Is a bad action irrational? No, the person who commits it has already rationalized it themselves and why they must.

      Is a good action irrational? No, never, because something good cannot be irrational.
      First off, Ethics and values? These are the same thing, are they not. Ethics are valued rules to follow, ethics provide value to businesses that use ethics in their overall strategy.

      Values? Means, what exactly? Rules to live by? Values should give value to your life and value other people's life.

      Not all beliefs are irrational. Some beliefs are irrational, solely based on the foundation for which they were formed to begin with.

  2. Misha profile image74
    Mishaposted 5 years ago

    Yep, all of them. Good government, global worming, saint google, etc. Even when the theory of evolution is a belief, it is irrational. One needs to actually understand the thing for it to graduate from beliefs into knowledge. smile

    1. mistyhorizon2003 profile image90
      mistyhorizon2003posted 5 years ago in reply to this

      Gosh Misha, what is 'Global Worming'? It sounds like something a vet should be doing on a massive scale!!! wink

      1. Misha profile image74
        Mishaposted 5 years ago in reply to this

        He-he, I knew you'd like it tongue It's what you thought it was, an intentional typo smile

  3. habee profile image91
    habeeposted 5 years ago

    Any types of beliefs can be irrational. A pal of mine is married to an awful man who has treated her like crap for years. Yet she still thinks he'll change. After all these years, I consider that an irrational belief.

  4. 0
    gobanglaposted 5 years ago

    Blind belief is irrational in my view. You have to have a good reason to believe what you believe. If a moral prescribed by religion is based on "because God said so" then it isn't rational. But people will still disagree on various ethical and moral issues, even when held rationally. Think of support or opposition to legalizing drugs.

  5. Pandoras Box profile image82
    Pandoras Boxposted 5 years ago

    Way to bypass my filters Bailey! LOL

    I think there are alot of irrational beliefs out there.

    Fear of common spiders, I personally can't stand flying. I have to drink copiously every time I get on a plane. I swear it just terrifies the heck out of me. I should probably research it some, maybe if I better understood the science and technology of it all I'd be more comfortable.

    But as it is I have a no-doubt very irrational belief that all the little but extremely relevant screws and rivets MUST be coming undone.

    Soul-mates, irrational belief.

    Unconditional love, irrational.

    A stubborn insistence that someone loves you when they don't, irrational, and you see that one ALL the time.

    Yeah it ain't all religious. People are silly.

  6. AskAshlie3433 profile image60
    AskAshlie3433posted 5 years ago

    I believe in what I choose to believe in. I like to have proof. Not all proof is the seeing is believing quote. I like to believe in my heart, my soul. I am not religious. There are just some things out there that just can't be explained.

  7. barranca profile image79
    barrancaposted 5 years ago

    This is a central question of epistemology.  The classic formulation is Knowledge= Justified, True, Belief.   Opinion= Unjustified, True or False, Belief.  The problem focuses on what constitutes a fully justified belief.  Two basic responses are foundationalism and coherentism.  A belief can have a chain of reasons for holding that eventually extend back to basic beliefs that need no justification or are self-evidently true.  OR a belief can derive its justification by being coherently consistent with the other beliefs that a believer holds.  If only one of his beliefs is true and they are all consistent, then all are true.  One derives one's confidence in the system of one's beliefs.  Under coherentist philosophy, the possibility is always out there, that one's entire system of belief is false.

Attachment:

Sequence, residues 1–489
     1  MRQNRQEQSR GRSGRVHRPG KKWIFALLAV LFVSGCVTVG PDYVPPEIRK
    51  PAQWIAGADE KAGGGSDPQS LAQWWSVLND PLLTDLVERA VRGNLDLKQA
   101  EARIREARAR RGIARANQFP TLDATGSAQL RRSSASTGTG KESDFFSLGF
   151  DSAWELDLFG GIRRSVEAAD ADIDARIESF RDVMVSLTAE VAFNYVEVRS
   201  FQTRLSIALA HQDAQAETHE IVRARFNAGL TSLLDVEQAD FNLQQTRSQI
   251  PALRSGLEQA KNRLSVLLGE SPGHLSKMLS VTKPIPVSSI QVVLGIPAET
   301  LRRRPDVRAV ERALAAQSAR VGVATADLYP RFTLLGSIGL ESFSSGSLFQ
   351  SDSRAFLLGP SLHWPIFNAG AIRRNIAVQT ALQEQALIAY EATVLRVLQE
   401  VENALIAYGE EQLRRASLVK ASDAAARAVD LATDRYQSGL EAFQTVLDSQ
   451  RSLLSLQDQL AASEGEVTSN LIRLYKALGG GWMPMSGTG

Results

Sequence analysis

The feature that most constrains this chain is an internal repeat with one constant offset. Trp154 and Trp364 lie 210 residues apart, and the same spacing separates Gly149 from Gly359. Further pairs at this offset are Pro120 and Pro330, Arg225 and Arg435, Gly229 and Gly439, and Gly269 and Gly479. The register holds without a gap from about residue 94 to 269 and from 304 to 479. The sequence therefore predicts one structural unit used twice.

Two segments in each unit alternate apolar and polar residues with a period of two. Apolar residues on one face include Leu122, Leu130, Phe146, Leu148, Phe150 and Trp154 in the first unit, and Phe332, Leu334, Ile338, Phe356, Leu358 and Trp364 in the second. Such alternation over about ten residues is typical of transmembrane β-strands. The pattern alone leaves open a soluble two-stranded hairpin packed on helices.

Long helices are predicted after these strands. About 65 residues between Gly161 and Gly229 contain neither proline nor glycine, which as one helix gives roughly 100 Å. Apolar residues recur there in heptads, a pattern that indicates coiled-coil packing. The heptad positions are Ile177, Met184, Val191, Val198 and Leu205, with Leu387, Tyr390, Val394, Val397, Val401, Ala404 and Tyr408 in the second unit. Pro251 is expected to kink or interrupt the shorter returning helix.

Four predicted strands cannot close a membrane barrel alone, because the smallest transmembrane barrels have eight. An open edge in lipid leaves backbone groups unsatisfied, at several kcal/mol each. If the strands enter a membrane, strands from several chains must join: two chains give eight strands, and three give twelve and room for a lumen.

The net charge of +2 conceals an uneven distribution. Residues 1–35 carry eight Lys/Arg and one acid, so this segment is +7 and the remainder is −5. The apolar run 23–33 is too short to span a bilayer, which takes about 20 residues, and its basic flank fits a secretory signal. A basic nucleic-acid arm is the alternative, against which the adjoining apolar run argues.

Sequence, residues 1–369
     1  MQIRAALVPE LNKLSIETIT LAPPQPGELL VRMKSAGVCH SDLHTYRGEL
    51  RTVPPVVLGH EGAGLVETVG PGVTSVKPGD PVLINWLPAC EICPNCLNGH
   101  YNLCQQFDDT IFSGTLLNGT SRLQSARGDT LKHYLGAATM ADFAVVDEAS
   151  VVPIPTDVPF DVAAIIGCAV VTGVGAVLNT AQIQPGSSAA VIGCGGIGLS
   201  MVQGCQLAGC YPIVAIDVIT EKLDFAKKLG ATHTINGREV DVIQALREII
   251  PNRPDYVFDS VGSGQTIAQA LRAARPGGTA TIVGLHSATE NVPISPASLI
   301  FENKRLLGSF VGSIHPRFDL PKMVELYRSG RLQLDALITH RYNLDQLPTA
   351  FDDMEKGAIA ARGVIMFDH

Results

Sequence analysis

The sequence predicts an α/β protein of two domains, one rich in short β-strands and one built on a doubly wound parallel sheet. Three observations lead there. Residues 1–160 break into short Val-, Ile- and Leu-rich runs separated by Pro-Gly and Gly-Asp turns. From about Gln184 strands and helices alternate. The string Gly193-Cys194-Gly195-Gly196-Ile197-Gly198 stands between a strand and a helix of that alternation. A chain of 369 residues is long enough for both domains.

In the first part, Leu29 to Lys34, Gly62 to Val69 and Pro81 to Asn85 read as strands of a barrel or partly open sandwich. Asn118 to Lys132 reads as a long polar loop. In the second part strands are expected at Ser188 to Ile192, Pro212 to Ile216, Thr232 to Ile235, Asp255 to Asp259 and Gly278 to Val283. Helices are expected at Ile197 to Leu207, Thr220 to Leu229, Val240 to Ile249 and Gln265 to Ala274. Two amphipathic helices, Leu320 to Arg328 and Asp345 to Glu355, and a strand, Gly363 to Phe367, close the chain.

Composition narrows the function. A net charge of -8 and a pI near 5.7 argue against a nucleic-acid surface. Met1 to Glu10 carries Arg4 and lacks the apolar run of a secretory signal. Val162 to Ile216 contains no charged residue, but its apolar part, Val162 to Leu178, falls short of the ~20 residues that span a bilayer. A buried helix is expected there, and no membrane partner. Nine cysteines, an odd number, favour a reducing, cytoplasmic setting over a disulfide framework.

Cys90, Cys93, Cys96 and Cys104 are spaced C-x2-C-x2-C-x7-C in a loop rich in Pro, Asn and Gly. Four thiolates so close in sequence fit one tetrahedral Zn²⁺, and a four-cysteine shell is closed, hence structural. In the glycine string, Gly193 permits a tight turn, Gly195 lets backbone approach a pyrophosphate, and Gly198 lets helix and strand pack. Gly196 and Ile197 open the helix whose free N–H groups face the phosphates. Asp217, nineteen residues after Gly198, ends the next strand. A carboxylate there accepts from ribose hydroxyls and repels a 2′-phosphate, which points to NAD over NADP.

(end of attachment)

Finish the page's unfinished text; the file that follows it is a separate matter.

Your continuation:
8. SpanStar profile image60
    SpanStarposted 5 years ago

    without the faculty of reason; deprived of reason.
    2. without or deprived of normal mental clarity or sound judgment.
    3. not in accordance with reason; utterly illogical: irrational arguments.

    having or exercising reason, sound judgment, or good sense: a calm and rational negotiator.
    3. being in or characterized by full possession of one's reason; sane; lucid: The patient appeared perfectly rational

    [ http://dictionary.reference.com/browse/rational ]

    For me when we talk about rational we call in to question by what standards are we judging something to be  rational since it's been proven that people can become irrational over lots of things.  Certainly people can and still become irrational of having or possesing lots of money.  People can become irrational of children beauty pageants, sports fans can become irrational over teams or players.  Irrational as I see it crosses a lot of boundries.

    I've been told if someone talks to some people in a mental institution they will find people displaying a rational view of life as they see it which is the not the live out side the building.

  9. superwags profile image82
    superwagsposted 5 years ago

    I'm not sure there should be a differenciation between belief and religious belief. It all falls under the same catergory if you're meaning to say "irrational belief".

    The purpose of science is test our beliefs or hypotheses, then throw out those which do not work; keeping and adding to what we know by more theoretical or practical approaches.

    If you hold something to be true after it has been shown not to be, then it becomes an irrtional belief. There's a lot that feels "right" from a human point of view, but actually turns out not be "right" in a scientific sense once it is investigated.

  10. Jerami profile image78
    Jeramiposted 5 years ago

    Being rational is not a state of being,  like ...
      being intelligent, being tall, being pretty, etc

      Being rational is an action, like counting pennies, sitting, walking, running.